As much as many of us trash talk the onslaught of reality TV that showcases stories of rags to riches, weight loss and becoming a bonafide culinary master, the success of these shows further proves that people love transformation stories. However, the essential pieces of every “before and after” lie between the “before” and the “after.” This is where the dirty work takes place, where the finer details make all the difference in the final product. As the D’Garage Ford Fiesta ST reaches its fourth and final stage of its build, we found no shortage of details to work on in order to make it race-ready.
Text by Cameron Parsons // Photos by Cameron Parsons and Aaron Eusebi // Illustrations by Paul Laguette
Little by Little
From stage two to stage three, the Fiesta ST circled Buttonwillow Raceway’s 13CW configuration much quicker, but not necessarily a whole lot faster. Given that the modifications for stage three entailed only braking and handling upgrades, it came as no surprise that we saw massive improvements around the turns but only minimal change in the higher speed areas. Lap times improved by just over three seconds, landing in the 2’08.00” range. However, top speeds only improved by 1 to 3 MPH around the track, with the exception of a 7 MPH incremental gain to reach 108 MPH on the main straightaway. In our hunt to reach the two-minute mark for lap times, we reevaluated the car’s setup to identify any room for improvement.
1. The driver begins turning the wheel of the car, asking it to move toward the turn and rotate simultaneously.
2. The car with better rotation responds quickly and twists in the direction of the turn.
3. The car that struggles to rotate plows through the turn, while the rotating car is back on the power for the exit.
Racing teams and drivers focus a large part of their vehicle setups around rotation. Tire characteristics, suspension settings, chassis stiffness, ballast placement and weight transfer characteristics each contribute to the car’s ability to rotate. A car that can better rotate, or twist, in the direction of a turn can carry more speed into and through that section of the track. This also helps position the car to allow the driver to get back on the throttle earlier.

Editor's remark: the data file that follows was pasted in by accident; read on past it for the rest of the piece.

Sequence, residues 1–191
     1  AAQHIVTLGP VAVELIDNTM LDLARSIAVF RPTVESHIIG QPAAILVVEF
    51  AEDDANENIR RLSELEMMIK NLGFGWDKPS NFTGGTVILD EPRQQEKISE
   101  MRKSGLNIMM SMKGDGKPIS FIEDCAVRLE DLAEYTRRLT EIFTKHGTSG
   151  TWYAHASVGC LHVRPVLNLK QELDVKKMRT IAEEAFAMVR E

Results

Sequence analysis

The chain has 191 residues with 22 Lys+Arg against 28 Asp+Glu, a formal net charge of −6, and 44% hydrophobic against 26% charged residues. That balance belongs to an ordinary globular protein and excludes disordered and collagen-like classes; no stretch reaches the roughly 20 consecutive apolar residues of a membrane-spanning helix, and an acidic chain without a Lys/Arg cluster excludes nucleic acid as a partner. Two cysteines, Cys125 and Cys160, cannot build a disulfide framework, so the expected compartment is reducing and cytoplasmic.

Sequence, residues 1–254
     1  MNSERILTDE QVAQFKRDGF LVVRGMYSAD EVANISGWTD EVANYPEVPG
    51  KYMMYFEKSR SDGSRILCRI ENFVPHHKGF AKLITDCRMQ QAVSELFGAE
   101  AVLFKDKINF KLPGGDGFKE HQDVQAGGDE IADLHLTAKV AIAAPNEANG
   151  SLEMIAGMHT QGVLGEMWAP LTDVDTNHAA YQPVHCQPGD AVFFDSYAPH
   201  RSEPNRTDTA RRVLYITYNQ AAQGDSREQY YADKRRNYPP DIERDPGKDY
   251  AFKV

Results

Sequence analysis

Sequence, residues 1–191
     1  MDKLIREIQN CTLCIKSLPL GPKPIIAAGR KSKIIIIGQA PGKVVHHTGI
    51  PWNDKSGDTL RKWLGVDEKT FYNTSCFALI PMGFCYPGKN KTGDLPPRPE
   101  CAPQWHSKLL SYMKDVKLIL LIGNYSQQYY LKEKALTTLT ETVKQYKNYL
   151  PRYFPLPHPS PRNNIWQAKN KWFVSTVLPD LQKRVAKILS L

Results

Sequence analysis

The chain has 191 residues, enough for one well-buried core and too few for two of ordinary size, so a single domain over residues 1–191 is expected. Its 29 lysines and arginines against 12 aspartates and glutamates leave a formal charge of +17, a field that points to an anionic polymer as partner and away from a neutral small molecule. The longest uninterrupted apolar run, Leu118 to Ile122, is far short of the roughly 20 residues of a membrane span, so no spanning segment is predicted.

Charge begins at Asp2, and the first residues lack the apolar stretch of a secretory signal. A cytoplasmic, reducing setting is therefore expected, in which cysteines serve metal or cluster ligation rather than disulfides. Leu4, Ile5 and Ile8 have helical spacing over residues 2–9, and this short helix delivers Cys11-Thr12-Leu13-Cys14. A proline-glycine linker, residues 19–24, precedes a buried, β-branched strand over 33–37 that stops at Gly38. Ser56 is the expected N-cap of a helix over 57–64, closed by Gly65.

The Fiesta ST Rundown
Most road racers find themselves on a hunt for tenths or even hundredths of a second at a time, when modifying and tuning their vehicle setup. So where did an entire three seconds come from, and how can we pull out at least three more? First, the D’Garage Ford Fiesta ST lost 140 lbs, bringing the total weight down to 2,420 lbs. Weight loss for any car naturally improves performance by reducing its inertia, the car accelerates and decelerates quicker with less weight resisting these changes in motion. Extending beyond these benefits lies a too-often overlooked performance characteristic: vehicle rotation. A fast rotating car enables the driver to throw it into a turn with quicker response, potentially more speed and a better trajectory path for a higher speed exit.
SFI/FIA Vehicle Safety
Nearly all club and professional racing organizations worldwide require a professionally assembled roll cage, a high-strength seat and six-point harnesses. Only approved safety equipment is allowed in most of these organizations, because of the extreme levels of testing that they must withstand before being sold to any customer.
The roll cage is designed to protect the driver by withstanding compression forces from the weight of a car coming down on it, as well as to hold up against loads in any direction if the car skids along its roll cage structure. Most cages must attach to minimum eight points in the cabin, often times welded to certain points of the A- and B-pillars and roof. The vehicle’s weight determines the steel cage’s diameter, from 1.5-inches up to 2-inches.
Approved seats will turn out much less cushy than those in your streetcar. Approved seats are built to withstand more than 200 lbs of rearward force, and must be covered in approved fireproof materials. It is mounted to the structure of the car on the bottom and sometimes rear of the seat, to ensure that it will not break loose in case of an accident. The sides of the seat extend up, so that your legs, waist, shoulders and head cannot move outward when the car takes an impact.
Strapping yourself into a racecar feels like preparing for a rocket launch. Racecar harnesses incorporate two shoulder straps, two waist straps, and two submarine straps that come out the bottom of the seat and between your legs. With minimum two-inch straps tightened down on you in all directions, you’ll find yourself unable to move your body in the slightest. While this setup may not be as comfortable or loose fit as your streetcar, it’s the reason why many racing drivers can walk away from a 100 MPH crash.
While the Fiesta ST received an overall diet, the physical locations on the car where weight is lost can greatly affect performance. Formula One and other purpose-built racecars, for example, center the overall weight as much as possible. The driver and fuel cell sit in the middle of the car, with the engine directly behind them and in front of the rear wheels. This sort of setup quickens the vehicle’s response and rotation due to a reduction in angular momentum, similar to when figure skaters pulls in their arms and legs to spin faster. Although production cars like the Fiesta ST don’t provide such flexibility in relocating mass, the car appears to have been designed with weight distribution in mind. The front and rear wheels sit far out at each of the car’s four corners, leaving very little bodywork, and thus little mass, hanging beyond them. The front engine, front-wheel-drive configuration naturally places a majority of the weight on the nose of the car. However, Ford crammed the EcoBoost 1.6-liter turbo engine far back in the engine bay, keeping as much weight as possible from hanging past the front wheels. As the majority of our weight reduction took place in the interior, we will likely find the car still biased towards the front end. Given the Fiesta ST’s drivetrain configuration, this may not be so bad, as many racers commonly say that front-wheel drive cars like to be driven on their nose.